The California Department of Justice is launching a review of the Los Angeles Police Department’s use of the statewide gang database, CalGang, in response to allegations that LAPD officers have been intentionally mislabeling people as gang members, CA Attorney General Xavier Becerra announced on Monday.
The LAPD has been conducting its own investigation into the issue since early last year, after a mother complained that members of the department’s elite Metropolitan Division had falsely identified her son as a gang member. When department officials looked at the officers’ body camera footage, they found alarming discrepancies, and ultimately reversed the young man’s gang label. In looking at other officers’ videos, they found that other officers appeared to have penned inaccurate gang designations onto paper gang field identification cards, as well.
As many as 20 police officers are suspected of cooking the LAPD’s stop and search statistics by mis-designating people as gang members or gang associates — labels that carry considerable consequences and have historically been nearly impossible to reverse once they become part of the state’s CalGang database.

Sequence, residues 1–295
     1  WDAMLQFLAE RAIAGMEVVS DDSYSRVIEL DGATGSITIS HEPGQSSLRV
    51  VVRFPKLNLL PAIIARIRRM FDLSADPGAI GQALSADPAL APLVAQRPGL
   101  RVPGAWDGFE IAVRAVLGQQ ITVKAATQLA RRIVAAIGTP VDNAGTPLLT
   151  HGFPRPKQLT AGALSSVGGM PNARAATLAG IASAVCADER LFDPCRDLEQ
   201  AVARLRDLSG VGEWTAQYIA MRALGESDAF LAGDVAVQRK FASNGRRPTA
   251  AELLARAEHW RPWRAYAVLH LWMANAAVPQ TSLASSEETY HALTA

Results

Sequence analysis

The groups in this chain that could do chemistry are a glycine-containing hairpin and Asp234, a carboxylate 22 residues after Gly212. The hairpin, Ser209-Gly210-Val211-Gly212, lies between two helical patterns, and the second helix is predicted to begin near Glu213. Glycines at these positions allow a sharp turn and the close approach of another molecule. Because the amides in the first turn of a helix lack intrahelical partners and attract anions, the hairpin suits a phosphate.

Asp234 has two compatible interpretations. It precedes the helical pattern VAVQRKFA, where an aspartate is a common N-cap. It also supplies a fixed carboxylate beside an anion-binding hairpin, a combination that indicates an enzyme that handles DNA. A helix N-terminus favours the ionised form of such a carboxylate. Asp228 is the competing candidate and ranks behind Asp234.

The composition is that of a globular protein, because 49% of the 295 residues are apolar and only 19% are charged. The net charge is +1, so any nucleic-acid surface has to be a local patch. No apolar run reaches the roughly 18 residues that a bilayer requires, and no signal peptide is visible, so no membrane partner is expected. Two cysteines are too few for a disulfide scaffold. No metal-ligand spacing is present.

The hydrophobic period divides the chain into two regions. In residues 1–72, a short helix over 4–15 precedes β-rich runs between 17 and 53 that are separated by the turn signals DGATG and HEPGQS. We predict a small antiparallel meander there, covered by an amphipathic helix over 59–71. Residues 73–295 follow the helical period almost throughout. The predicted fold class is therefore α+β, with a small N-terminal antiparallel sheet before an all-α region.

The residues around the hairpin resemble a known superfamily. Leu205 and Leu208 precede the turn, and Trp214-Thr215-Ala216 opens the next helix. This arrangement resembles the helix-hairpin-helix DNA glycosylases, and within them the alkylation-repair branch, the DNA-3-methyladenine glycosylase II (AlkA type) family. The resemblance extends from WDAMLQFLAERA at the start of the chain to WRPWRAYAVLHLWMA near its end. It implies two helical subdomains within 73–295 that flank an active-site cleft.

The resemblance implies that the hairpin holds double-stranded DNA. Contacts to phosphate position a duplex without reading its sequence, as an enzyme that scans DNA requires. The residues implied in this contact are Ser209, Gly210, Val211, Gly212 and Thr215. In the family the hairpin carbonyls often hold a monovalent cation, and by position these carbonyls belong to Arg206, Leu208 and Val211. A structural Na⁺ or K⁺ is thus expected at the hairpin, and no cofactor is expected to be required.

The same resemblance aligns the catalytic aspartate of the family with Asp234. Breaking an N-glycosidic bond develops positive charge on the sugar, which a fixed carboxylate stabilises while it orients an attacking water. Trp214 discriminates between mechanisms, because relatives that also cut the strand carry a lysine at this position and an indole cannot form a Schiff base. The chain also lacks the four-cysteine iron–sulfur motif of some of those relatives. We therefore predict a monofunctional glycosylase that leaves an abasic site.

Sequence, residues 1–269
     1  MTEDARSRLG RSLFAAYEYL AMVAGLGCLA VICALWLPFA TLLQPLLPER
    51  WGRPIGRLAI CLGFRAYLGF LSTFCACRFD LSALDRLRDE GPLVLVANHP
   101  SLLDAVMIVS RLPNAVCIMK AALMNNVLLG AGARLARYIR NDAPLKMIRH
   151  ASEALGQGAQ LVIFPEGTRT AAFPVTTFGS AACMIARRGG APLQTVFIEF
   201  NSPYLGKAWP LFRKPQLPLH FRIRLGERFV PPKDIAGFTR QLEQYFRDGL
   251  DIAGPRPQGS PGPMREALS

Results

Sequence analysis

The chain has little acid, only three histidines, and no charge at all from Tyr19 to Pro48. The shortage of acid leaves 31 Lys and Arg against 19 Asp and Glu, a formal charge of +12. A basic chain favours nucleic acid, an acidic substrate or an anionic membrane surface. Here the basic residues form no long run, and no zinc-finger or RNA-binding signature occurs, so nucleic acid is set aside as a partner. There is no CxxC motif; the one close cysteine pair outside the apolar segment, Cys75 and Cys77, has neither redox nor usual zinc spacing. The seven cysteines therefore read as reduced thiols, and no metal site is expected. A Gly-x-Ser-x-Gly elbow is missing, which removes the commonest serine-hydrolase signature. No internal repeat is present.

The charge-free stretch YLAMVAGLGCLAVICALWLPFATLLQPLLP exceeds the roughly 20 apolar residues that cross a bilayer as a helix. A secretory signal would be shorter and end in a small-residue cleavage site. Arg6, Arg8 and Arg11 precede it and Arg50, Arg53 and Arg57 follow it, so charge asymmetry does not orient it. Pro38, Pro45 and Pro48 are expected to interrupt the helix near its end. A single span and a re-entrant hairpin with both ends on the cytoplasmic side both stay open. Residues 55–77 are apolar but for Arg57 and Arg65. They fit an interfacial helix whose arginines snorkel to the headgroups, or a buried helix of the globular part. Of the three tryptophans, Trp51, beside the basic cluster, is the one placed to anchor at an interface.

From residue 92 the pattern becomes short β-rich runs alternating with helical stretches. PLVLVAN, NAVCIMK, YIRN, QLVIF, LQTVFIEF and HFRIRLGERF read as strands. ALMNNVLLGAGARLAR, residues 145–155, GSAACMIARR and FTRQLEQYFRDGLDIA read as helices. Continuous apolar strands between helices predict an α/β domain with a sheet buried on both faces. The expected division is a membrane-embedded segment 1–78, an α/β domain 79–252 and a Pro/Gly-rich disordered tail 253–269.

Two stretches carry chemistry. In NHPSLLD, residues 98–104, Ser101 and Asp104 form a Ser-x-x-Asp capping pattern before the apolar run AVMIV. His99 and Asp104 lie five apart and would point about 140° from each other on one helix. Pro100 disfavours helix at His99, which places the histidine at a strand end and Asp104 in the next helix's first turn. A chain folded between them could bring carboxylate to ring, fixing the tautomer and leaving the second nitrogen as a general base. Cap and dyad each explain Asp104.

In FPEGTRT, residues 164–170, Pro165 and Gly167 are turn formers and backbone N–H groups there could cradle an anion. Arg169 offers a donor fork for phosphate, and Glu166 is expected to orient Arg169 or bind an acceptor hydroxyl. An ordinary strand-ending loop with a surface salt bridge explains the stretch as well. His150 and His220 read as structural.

So far, LAPD Chief Michel Moore has sent one officer to a disciplinary panel. Moore has recommended that the officer be fired, as well as criminally prosecuted. The department will also retrain all Metro Division and gang enforcement officers in advance of more stringent criteria for including individuals in CalGang. (AG Becerra’s office is currently working on an updated set of criteria under AB 90 a bill passed in 2017 to reform the long-troubled CalGang system.)
“The CalGang database offers the most value to anti-crime efforts when the officers who utilize it receive high-quality information from it,” AG Becerra wrote in a letter to Chief Moore. “False and improper entries in the system undermine law enforcement efforts, calling into question the validity of the information being utilized.”
The California DOJ will conduct its own independent review of all CalGang entries submitted by LAPD officers and the body cam footage of those officers’ interactions with those individuals marked for inclusion in CalGang.
The DOJ will also analyze the LAPD’s policies and practices “to improve accountability for officers who use the CalGang system.”
In his letter to Moore, Becerra also noted that the DOJ also has the right to suspend or revoke the LAPD’s access to CalGang, if investigators find reason to do so, in the course of the state review.
“Our state legislature recently entrusted oversight of the CalGang system to DOJ,” Becerra said. “As part of that oversight responsibility, we will take appropriate measures to hold accountable those who misuse the CalGang system.”